Location/site PKI certificates can be used by the practice for activities such as claiming and receiving test results. Individual PKI certificates will enable practitioners to electronically send referrals, and participate in electronic prescribing and electronic pathology ordering with the use of electronic signatures as these systems become available.

In order to meet this requirement, practices must have (or have applied for) a location/site PKI certificate. Practices with additional practice branches are required to have (or have applied for) a separate location/site PKI certificate for each practice branch.

Each medical practitioner working at the practice must also have (or have applied for) an individual PKI certificate. Locums are exempt from this requirement.

The PKI certificates should be used to securely send and/or receive information via the practice’s messaging system where possible. Location/site and individual PKI certificates are available at no cost from Medicare Australia.

Practices will be considered to have met this requirement once they have applied to Medicare Australia for PKI certificates. Practices do not need to wait until they have actually received their certificates to begin qualifying for payments through the eHealth Incentive.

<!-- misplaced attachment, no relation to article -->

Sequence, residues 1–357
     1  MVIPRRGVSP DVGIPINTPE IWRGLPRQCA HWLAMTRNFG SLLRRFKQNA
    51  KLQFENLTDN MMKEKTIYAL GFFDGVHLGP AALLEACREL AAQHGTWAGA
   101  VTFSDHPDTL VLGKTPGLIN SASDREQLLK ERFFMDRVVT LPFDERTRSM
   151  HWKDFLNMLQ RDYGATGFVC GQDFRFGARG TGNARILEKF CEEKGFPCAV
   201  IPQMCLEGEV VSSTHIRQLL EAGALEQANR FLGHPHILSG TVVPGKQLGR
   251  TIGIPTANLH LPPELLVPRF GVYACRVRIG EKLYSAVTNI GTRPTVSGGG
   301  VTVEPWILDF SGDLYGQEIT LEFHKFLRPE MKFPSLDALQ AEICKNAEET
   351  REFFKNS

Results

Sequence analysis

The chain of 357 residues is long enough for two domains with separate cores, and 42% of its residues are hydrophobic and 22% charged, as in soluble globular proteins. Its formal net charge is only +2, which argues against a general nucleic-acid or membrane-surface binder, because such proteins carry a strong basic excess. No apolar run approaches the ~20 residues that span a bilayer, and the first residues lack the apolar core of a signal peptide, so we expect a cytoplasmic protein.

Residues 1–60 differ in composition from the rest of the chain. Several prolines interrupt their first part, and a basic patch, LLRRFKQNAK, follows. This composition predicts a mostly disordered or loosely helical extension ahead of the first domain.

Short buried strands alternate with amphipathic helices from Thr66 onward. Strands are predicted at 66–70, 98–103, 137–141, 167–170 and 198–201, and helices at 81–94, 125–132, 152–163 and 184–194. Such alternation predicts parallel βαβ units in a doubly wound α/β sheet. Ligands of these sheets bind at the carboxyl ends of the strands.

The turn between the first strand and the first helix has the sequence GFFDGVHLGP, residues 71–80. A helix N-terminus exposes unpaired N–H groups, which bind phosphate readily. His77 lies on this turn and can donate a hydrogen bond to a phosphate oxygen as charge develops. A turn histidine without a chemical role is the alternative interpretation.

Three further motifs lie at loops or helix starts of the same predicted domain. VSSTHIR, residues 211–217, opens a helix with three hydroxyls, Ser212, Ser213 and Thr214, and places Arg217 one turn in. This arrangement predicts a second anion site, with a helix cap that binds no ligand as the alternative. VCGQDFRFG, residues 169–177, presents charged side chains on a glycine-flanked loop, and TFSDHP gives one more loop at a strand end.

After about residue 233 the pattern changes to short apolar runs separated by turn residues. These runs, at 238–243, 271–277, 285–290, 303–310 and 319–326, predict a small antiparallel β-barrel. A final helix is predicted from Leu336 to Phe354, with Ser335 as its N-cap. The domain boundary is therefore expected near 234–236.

To maintain compliance with Requirement 2, new practitioners who do not already have a PKI certificate must apply to Medicare Australia for an individual PKI certificate within 14 calendar days of joining the practice.

Requirement 3 – Access to key electronic clinical resources

In order to meet this requirement, practices must provide all medical practitioners from the practice with access to the current editions of a range of key electronic clinical resources to improve the quality of prescribing, support quality care, and enhance health outcomes.

The practice must provide practitioners from the practice with access to:

• at least one key electronic clinical resource from each of the categories in Table 1 below (minimum) of 3 resources in total); and

• at least three resources from any of the categories in Table 2 below.